Tappable equity soars to $5.8 trillion with record growth

by Steve Randall10 Jul 2018

The first three months of 2018 saw homeowners’ tappable equity surged by $380 billion to $5.8 trillion, the largest recorded amount of equity held by US homeowners with mortgages.

It was the largest quarterly growth in tappable equity since Black Knight Financial began tracking the metric in 2005.

The average mortgage holder gained $14,700 in tappable equity over the past year and has $113,900 in total.

Nearly 80% of the nation's tappable equity is held by homeowners with first-lien interest rates at or below 4.5%, with 60% of the total being held by those with current rates below 4.0%.

But homeowners are less keen to tap that equity with a drop of almost 7% in equity tapped quarter-over-quarter, meaning just 1.17% of available equity was tapped in Q1 2018, the lowest share since Q1 2014.

"In Q1 2018, homeowners with mortgages withdrew $63 billion in equity via cash-out refinances or HELOCs," said Ben Graboske, executive vice president of Black Knight's Data & Analytics division. "That represents a slight 1% increase from the same time last year, despite the fact that the amount of equity available for homeowners to borrow against increased by 16% over the same time period.”

That's the lowest quarterly share in four years, and the second lowest since the housing recovery began six years ago.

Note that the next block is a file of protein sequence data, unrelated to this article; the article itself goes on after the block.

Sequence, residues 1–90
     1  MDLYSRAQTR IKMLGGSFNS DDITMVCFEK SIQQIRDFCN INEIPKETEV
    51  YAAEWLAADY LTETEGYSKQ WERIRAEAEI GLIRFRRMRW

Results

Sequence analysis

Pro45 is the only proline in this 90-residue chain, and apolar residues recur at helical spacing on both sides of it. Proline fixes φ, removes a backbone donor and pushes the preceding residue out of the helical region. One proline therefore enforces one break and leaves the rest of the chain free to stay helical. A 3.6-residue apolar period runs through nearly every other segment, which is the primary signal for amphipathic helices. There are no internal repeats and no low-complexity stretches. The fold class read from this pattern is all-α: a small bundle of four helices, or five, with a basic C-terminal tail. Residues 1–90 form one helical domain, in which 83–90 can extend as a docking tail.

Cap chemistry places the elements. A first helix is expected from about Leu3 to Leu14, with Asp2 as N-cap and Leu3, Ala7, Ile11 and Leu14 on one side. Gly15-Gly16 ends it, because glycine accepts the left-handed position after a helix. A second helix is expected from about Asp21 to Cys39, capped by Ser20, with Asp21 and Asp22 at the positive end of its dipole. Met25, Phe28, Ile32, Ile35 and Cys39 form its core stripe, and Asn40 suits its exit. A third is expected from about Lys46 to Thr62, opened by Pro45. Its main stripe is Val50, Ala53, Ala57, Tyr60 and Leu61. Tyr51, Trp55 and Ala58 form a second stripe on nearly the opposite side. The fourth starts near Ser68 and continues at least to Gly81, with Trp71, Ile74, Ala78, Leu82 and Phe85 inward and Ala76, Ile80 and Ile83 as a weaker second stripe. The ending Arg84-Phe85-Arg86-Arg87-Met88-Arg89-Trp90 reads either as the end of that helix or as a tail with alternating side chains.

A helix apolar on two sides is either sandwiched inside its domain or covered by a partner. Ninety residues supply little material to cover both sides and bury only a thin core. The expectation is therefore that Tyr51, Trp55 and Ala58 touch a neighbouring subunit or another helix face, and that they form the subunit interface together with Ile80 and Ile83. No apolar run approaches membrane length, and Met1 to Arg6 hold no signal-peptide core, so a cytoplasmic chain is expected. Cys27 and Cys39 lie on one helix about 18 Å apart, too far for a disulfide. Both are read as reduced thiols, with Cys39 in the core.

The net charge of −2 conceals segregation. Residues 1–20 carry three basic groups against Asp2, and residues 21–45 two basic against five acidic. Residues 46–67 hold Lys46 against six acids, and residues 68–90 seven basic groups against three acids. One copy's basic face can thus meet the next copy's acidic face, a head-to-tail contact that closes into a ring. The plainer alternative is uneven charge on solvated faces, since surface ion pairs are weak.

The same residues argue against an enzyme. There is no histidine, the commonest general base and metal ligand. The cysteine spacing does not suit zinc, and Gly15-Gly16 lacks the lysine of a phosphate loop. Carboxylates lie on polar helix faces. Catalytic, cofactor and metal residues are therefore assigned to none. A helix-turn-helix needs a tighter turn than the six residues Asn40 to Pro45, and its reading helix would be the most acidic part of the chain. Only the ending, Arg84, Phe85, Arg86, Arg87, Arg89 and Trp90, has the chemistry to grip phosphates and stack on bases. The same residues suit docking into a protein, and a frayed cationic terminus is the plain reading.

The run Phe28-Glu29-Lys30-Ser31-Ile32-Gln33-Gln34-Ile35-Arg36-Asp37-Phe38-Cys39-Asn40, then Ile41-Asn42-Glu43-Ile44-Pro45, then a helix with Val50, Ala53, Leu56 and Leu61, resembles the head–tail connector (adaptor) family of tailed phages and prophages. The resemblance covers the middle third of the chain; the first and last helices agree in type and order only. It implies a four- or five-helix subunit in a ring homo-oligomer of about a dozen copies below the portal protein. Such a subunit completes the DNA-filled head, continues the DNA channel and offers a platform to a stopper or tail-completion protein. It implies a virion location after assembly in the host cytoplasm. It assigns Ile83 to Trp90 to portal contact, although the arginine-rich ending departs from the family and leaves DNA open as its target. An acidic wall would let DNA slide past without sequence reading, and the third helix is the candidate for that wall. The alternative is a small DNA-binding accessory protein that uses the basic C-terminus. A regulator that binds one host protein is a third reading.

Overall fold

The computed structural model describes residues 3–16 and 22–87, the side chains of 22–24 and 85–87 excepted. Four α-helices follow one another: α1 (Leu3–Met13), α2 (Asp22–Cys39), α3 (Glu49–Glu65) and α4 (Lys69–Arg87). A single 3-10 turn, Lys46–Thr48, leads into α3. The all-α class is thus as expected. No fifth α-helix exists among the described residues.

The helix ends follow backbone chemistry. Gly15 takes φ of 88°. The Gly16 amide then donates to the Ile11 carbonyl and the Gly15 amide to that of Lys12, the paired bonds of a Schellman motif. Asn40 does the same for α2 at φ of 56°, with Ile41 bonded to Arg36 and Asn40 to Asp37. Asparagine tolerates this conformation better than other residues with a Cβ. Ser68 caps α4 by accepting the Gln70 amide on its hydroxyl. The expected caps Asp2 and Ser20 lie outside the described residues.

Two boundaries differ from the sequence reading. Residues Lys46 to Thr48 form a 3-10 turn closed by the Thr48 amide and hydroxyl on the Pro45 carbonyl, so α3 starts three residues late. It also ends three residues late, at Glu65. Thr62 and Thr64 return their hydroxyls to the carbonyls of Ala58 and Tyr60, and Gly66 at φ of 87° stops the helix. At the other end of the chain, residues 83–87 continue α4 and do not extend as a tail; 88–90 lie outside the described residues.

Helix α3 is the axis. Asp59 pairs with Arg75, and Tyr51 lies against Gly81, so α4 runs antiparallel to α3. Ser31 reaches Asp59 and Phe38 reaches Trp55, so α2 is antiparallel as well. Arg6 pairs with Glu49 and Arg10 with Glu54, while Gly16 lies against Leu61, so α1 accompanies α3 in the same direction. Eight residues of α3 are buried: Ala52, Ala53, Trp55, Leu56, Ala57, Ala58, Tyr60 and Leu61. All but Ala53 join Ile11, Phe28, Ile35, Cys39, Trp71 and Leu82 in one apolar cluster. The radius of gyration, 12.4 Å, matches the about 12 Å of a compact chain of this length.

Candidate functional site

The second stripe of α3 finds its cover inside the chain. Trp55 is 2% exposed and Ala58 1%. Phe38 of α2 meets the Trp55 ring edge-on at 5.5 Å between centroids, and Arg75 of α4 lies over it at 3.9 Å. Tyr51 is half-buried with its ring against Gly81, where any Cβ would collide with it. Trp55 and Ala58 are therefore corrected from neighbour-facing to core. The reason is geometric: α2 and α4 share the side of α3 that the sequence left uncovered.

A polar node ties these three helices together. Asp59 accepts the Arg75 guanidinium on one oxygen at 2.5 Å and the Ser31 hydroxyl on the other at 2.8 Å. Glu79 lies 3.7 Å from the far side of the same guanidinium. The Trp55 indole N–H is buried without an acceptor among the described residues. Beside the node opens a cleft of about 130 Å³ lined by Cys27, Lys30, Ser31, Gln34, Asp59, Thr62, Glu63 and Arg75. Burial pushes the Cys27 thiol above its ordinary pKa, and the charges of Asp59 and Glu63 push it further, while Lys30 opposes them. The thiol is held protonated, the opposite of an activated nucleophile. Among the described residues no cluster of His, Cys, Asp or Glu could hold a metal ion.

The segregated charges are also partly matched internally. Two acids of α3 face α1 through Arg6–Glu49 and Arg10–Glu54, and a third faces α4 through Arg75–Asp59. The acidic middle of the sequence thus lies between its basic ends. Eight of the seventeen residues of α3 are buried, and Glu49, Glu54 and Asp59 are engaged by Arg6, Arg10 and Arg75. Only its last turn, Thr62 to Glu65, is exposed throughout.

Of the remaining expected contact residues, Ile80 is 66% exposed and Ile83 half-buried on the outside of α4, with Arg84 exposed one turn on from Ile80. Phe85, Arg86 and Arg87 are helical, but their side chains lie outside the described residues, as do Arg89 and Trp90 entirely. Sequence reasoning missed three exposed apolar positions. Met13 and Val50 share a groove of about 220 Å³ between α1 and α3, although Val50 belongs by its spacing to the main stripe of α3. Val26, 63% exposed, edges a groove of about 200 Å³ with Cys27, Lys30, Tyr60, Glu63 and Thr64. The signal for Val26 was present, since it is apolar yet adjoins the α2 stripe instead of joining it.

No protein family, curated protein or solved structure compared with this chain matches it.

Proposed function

HELOC volume drops to 2-year low
“Somewhat surprisingly, even though rising first-lien interest rates normally produce an increase in HELOC lending, the volume of equity withdrawn via lines of credit dropped to a two-year low as well,” added Graboske.

However, he says that there is a factor that is likely driving the decline in HELOC equity utilization; the increasing spread between first-lien mortgage rates and HELOC rates, which reached 1.5% late last year, the widest Black Knight has seen since it began tracking it 10 years ago.

“The distance between the two has closed somewhat in Q2 as 30-year mortgage rates have been on the rise, which does suggest the market remains ripe for relatively low-risk HELOC lending expansion,” said Graboske.

However, he notes that increasing costs in the form of higher interest rates appear to have impacted homeowners' borrowing decisions in Q1 2018.

“We should also remember that the Federal Reserve raised its target interest rate again at its June meeting, which will likely further increase the standard interest rate on HELOCs in Q3 2018. Black Knight will continue to monitor the situation moving forward," he said.

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